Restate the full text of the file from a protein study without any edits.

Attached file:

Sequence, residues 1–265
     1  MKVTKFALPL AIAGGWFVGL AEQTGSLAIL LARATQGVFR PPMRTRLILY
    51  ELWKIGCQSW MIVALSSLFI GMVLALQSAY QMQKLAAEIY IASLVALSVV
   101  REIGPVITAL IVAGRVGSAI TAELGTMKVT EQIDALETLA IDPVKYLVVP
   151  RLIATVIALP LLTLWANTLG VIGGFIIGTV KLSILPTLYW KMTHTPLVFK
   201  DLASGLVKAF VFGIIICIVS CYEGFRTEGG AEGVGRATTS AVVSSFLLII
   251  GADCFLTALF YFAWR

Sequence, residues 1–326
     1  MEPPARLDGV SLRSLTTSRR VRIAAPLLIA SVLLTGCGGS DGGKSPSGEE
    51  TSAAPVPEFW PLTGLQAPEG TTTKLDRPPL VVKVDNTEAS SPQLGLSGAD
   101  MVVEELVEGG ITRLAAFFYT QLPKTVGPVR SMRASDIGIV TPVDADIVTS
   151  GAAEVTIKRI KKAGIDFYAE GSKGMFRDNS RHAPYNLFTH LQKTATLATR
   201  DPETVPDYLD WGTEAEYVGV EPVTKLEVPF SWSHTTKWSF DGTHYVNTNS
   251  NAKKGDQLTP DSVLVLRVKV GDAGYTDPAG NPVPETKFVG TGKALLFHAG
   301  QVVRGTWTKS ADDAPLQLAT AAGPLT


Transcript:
Sequence, residues 1–265
     1  MKVTKFALPL AIAGGWFVGL AEQTGSLAIL LARATQGVFR PPMRTRLILY
    51  ELWKIGCQSW MIVALSSLFI GMVLALQSAY QMQKLAAEIY IASLVALSVV
   101  REIGPVITAL IVAGRVGSAI TAELGTMKVT EQIDALETLA IDPVKYLVVP
   151  RLIATVIALP LLTLWANTLG VIGGFIIGTV KLSILPTLYW KMTHTPLVFK
   201  DLASGLVKAF VFGIIICIVS CYEGFRTEGG AEGVGRATTS AVVSSFLLII
   251  GADCFLTALF YFAWR

Sequence, residues 1–326
     1  MEPPARLDGV SLRSLTTSRR VRIAAPLLIA SVLLTGCGGS DGGKSPSGEE
    51  TSAAPVPEFW PLTGLQAPEG TTTKLDRPPL VVKVDNTEAS SPQLGLSGAD
   101  MVVEELVEGG ITRLAAFFYT QLPKTVGPVR SMRASDIGIV TPVDADIVTS
   151  GAAEVTIKRI KKAGIDFYAE GSKGMFRDNS RHAPYNLFTH LQKTATLATR
   201  DPETVPDYLD WGTEAEYVGV EPVTKLEVPF SWSHTTKWSF DGTHYVNTNS
   251  NAKKGDQLTP DSVLVLRVKV GDAGYTDPAG NPVPETKFVG TGKALLFHAG
   301  QVVRGTWTKS ADDAPLQLAT AAGPLT